Sixth mass extinction

(GS-III: Disaster and disaster management)

In News:

The ongoing sixth mass extinction may be one of the most serious environmental threats to the persistence of civilisation, according to new research.


Earth was once home to two million known species. According to the study, however, since 1500, as many as 7.5%-13% of these species may have been lost. That numbers anywhere from 150,000 to 260,000 different species.

What is the mass extinction of species?

Mass extinction refers to a substantial increase in the degree of extinction or when the Earth loses more than three-quarters of its species in a geologically short period of time.

So far, during the entire history of the Earth, there have been five mass extinctions.

Reasons and impacts:

The five mass extinctions that took place in the last 450 million years have led to the destruction of 70-95 per cent of the species of plants, animals and microorganisms that existed earlier.

These extinctions were caused by “catastrophic alterations” to the environment, such as massive volcanic eruptions, depletion of oceanic oxygen or collision with an asteroid.

After each of these extinctions, it took millions of years to regain species comparable to those that existed before the event.

What is the sixth mass extinction?

The sixth, which is ongoing, is referred to as the Anthropocene extinction.

Researchers have described it as the “most serious environmental problem” since the loss of species will be permanent.

Why it is attributable to humans?

One of the reasons that humanity is an “unprecedented threat” to many living organisms is because of their growing numbers.

The loss of species has been occurring since human ancestors developed agriculture over 11,000 years ago. Since then, the human population has increased from about 1 million to 7.7 billion.

Changes occurred and occurring:

More than 400 vertebrate species went extinct in the last century, extinctions that would have taken over 10,000 years in the normal course of evolution.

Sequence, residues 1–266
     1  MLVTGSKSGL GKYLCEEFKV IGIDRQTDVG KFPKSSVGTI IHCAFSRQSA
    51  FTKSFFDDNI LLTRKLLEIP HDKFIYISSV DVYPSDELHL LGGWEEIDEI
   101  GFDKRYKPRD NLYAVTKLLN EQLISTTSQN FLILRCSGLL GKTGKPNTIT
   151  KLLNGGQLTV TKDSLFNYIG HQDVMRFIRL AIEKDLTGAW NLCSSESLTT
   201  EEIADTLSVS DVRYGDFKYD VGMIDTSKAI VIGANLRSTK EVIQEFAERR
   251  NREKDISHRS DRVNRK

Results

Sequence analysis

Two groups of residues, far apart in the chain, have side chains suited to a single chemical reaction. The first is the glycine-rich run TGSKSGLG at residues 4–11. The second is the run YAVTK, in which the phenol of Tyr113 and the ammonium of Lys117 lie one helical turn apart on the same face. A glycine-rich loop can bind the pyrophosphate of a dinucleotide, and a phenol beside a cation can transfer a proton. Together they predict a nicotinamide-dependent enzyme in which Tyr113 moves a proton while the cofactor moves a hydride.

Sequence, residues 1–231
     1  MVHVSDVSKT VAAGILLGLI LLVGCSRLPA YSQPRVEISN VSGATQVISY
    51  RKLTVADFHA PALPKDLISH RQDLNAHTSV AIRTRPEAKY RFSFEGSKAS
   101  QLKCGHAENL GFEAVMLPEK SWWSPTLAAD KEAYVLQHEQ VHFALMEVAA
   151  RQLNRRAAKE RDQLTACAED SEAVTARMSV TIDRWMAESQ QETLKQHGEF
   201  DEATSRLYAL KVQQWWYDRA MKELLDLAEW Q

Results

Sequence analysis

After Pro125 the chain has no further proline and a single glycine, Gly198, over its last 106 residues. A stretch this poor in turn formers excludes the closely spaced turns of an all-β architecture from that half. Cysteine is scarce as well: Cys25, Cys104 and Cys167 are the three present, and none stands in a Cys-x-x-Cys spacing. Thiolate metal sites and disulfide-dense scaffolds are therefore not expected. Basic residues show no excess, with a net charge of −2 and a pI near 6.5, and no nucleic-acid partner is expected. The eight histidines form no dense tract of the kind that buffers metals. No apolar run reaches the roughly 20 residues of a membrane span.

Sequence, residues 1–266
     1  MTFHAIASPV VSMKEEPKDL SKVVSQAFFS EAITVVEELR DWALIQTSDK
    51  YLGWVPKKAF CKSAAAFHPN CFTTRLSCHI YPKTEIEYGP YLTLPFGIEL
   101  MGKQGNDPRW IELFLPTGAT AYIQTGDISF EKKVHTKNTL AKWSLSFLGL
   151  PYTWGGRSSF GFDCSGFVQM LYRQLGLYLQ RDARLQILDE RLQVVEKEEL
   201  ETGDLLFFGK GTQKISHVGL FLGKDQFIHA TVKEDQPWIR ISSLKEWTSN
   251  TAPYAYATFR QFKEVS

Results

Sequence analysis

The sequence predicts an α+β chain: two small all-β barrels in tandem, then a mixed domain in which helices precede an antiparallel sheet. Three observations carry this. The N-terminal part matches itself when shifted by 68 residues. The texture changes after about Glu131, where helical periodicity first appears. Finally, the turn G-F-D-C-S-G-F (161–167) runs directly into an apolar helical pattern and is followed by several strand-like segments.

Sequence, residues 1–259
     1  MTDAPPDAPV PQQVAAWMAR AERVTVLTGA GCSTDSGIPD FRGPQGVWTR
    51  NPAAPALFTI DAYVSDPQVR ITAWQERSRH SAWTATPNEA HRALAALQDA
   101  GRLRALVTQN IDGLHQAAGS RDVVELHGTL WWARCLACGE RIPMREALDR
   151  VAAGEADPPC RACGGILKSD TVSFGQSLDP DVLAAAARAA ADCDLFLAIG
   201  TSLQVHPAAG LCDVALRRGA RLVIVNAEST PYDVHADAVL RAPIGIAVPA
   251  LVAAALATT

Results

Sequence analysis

In a sample of 177 species of large mammals, most lost more than 80 per cent of their geographic range in the last 100 years, and 32 per cent of over 27,000 vertebrate species have declining populations.

Many of the species currently endangered or on the brink of extinction are being decimated by legal and illegal wildlife trade.

Several species of mammals that were relatively safe one or two decades ago are now endangered, including cheetahs, lions and giraffes. There are as few as 20,000 lions left in the wild, less than 7,000 cheetahs, 500 to 1,000 giant pandas, and about 250 Sumatran rhinoceros.

Vulnerable regions:

Tropical regions have seen the highest number of declining species. In South and Southeast Asia, large-bodied species of mammals have lost more than four-fifths of their historical ranges.

While fewer species are disappearing in temperate zones, the percentage is just as high or higher. As many as half of the number of animals that once shared our planet are no longer here, a loss described as “a massive erosion of the greatest biological diversity in the history of Earth”.

What happens when species go extinct?

Impact can be tangible such as in the form of a loss in crop pollination and water purification.

If a species has a specific function in an ecosystem, the loss can lead to consequences for other species by impacting the food chain.

Effects of extinction will worsen in the coming decades as the resulting genetic and cultural variability will change entire ecosystems.

When the number of individuals in a population or species drops too low, its contributions to ecosystem functions and services become unimportant, its genetic variability and resilience is reduced, and its contribution to human welfare may be lost.

For how long can an MLA be suspended?

(GS-II: Appointment to various Constitutional posts, powers, functions and responsibilities of various Constitutional Bodies)

In News:

12 Maharashtra BJP MLAs have gone to the Supreme Court against their year-long suspension from the Assembly.